1.1 The Complexity of the Modern Economy
Economy: a system (typically very complex) where resources - such as
land, labour and machines – are allocated among competing uses.
An economy based on free-market transactions is self-organizing.
Self-interest is the foundation of economic order as our actions are
motivated primarily by it and not by benevolence.
Main characteristics of market economies:
o Market prices and quantities
1.2 Scarcity, Choice, and Opportunity Cost
Economics: study of the use of scarce resources to satisfy unlimited
Society’s resources (factors of production):
o Land: Natural resources
o Labour: Human resources (management skills, entrepreneurial
o Capital: Capital resources (tools, machinery etc.)
What is produced is separated into two categories:
o Goods (what is tangible)
o Services (what is intangible)
We live in a world of scarcity.
Scarcity implies that choices must be made, and making choices implies
the existence of costs.
Opportunity cost: what is given up in making a choice (i.e. choosing pizza
over a hotdog; the hotdog is the opportunity cost).
Production possibilities boundary: a curve showing which alternative
combinations of commodities can be attained if all available resources
are used efficiently (boundary between attainable/unattainable)
o Scarcity (unattainable combinations)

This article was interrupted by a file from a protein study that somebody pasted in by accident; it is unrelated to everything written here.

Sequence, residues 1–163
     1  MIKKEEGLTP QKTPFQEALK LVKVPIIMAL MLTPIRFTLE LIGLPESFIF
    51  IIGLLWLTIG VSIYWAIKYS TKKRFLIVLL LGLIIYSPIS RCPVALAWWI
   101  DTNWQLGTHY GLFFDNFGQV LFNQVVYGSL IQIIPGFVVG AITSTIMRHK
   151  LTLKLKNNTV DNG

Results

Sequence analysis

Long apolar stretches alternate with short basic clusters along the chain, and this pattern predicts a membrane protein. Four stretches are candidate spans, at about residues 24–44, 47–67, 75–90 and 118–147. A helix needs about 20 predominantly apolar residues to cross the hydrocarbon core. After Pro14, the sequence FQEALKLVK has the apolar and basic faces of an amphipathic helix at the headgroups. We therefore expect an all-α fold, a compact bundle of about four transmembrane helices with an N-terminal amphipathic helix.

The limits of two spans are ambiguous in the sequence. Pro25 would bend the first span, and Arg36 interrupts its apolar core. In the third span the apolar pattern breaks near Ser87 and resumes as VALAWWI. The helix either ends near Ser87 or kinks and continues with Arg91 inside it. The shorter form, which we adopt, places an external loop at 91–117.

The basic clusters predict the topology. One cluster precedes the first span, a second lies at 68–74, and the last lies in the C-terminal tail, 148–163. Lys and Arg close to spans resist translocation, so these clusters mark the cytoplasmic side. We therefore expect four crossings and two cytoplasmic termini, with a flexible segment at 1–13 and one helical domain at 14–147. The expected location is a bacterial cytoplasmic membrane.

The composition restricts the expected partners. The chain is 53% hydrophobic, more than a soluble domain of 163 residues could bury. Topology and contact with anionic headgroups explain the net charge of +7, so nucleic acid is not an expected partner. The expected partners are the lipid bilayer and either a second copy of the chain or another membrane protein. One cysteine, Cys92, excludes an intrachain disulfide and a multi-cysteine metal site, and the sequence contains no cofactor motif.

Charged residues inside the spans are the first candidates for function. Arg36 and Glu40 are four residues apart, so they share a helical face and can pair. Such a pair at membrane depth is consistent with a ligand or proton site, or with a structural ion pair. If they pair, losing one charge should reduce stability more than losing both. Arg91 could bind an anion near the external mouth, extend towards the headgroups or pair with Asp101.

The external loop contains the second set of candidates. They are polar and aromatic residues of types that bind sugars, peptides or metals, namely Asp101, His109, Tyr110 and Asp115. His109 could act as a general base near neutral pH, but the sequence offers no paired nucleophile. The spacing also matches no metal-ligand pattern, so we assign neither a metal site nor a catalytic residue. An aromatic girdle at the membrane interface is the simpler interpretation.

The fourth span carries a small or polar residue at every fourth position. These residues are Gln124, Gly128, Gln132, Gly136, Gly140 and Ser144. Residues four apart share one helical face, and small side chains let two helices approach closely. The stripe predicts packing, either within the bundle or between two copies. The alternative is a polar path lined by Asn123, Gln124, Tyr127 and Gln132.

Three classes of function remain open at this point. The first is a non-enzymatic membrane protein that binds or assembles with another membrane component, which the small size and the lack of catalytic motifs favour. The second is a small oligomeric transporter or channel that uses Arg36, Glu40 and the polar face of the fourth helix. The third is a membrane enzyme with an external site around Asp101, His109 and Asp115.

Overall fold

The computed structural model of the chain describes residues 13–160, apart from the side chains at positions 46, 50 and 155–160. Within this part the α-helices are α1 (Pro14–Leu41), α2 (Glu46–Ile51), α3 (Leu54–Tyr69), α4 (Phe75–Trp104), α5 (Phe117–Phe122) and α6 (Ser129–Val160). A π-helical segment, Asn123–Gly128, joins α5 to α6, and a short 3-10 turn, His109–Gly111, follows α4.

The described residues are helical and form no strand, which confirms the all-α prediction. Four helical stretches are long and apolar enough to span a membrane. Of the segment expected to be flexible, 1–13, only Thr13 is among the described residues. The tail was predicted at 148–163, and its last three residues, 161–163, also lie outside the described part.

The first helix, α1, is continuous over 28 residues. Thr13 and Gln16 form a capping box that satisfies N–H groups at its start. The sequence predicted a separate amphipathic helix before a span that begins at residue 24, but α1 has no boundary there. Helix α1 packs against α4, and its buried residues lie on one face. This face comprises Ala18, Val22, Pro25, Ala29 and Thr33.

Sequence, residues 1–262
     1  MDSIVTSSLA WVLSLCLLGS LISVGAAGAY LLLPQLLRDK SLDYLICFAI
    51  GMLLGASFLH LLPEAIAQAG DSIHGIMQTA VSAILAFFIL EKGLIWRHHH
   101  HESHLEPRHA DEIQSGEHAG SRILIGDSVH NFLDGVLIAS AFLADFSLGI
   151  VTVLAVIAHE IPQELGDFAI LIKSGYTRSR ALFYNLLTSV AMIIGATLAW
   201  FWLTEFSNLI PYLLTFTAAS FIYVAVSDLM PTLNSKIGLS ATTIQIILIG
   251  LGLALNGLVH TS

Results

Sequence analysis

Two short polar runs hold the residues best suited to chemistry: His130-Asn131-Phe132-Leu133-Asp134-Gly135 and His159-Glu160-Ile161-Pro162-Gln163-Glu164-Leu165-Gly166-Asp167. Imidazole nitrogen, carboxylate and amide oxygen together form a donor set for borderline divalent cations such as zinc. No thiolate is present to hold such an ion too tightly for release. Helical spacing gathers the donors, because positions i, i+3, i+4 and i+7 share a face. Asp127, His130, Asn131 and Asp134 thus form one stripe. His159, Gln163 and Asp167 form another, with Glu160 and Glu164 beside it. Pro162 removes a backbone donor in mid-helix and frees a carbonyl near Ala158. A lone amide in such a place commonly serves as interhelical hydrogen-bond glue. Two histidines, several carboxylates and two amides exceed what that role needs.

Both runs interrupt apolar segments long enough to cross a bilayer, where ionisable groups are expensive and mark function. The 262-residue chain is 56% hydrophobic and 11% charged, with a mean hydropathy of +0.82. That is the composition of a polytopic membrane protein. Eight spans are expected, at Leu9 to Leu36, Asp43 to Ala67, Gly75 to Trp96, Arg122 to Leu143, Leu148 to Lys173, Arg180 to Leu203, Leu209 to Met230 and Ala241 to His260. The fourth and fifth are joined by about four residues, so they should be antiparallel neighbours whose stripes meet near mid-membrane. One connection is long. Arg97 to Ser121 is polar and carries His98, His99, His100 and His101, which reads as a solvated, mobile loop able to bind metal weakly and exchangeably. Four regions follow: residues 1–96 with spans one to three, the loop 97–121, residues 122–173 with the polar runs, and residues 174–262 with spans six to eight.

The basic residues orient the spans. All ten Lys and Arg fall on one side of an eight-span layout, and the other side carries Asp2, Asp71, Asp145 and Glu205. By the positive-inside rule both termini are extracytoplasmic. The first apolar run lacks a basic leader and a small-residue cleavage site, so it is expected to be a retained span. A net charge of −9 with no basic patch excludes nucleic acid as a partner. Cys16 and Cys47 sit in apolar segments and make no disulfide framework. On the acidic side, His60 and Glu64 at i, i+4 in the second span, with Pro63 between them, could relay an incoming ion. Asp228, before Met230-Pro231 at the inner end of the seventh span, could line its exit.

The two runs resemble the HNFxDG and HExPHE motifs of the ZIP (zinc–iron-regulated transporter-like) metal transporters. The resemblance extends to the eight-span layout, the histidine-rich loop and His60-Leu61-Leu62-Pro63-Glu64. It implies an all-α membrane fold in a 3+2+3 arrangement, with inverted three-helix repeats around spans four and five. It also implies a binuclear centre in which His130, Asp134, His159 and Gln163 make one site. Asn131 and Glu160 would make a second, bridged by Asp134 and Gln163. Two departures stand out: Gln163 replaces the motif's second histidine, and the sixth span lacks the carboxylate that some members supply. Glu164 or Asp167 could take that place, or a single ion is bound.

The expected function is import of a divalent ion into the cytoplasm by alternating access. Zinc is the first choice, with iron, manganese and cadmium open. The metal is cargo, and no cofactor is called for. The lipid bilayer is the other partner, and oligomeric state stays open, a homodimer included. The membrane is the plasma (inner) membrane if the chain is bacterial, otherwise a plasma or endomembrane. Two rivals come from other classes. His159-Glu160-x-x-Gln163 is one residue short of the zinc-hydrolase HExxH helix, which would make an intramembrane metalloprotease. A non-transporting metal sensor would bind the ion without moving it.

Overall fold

o Choice (need to choose among the alternative combinations)
o Opportunity Cost (negative slope of the boundary)
Negative slope because making more of one item yields less that could be
made of another(s).
Four key economic questions:
o What is produced and how? Concerning the allocation of
resources, which then determines the quantities of various goods
that are produced. o What is consumed and how? Economists seek to understand what
determines the distribution of a nation’s total output among its
These two questions fall within the realm of
Microeconomics (study of the decisions of
individual households and firms in each market)
o Why are resources sometimes idle? When the economy is
operating inside its PPB.
o Is productive capacity growing? The capacity to produce
goods/services can grow and is represented by an outward shift
of the PPB (making once unattainable combinations, now
These two questions fall within the realm
of Macroeconomics (study of the economy
as a whole and not the outcome in any particular
1.3 Who Makes the Choices and How?
Individuals sell the services of the factor they own in the factor markets
and are paid by firms.
Firms sell their outputs of goods and services in goods markets and are
paid by individuals.
Distribution of income: how a nation’s total income is divided amongst its
citizens (largely determined by the price that each type of factor service
receives in factor markets).
People are assumed to be maximizers.
Assumed individuals make choices designed to maximize their well-being
Assumed firms make choices designed to maximize profit.
Consumers and firms must weigh the marginal cost against the marginal
benefit (benefit must exceed cost for both).
Consumers/firms who are maximizers make marginal decisions. (i.e.
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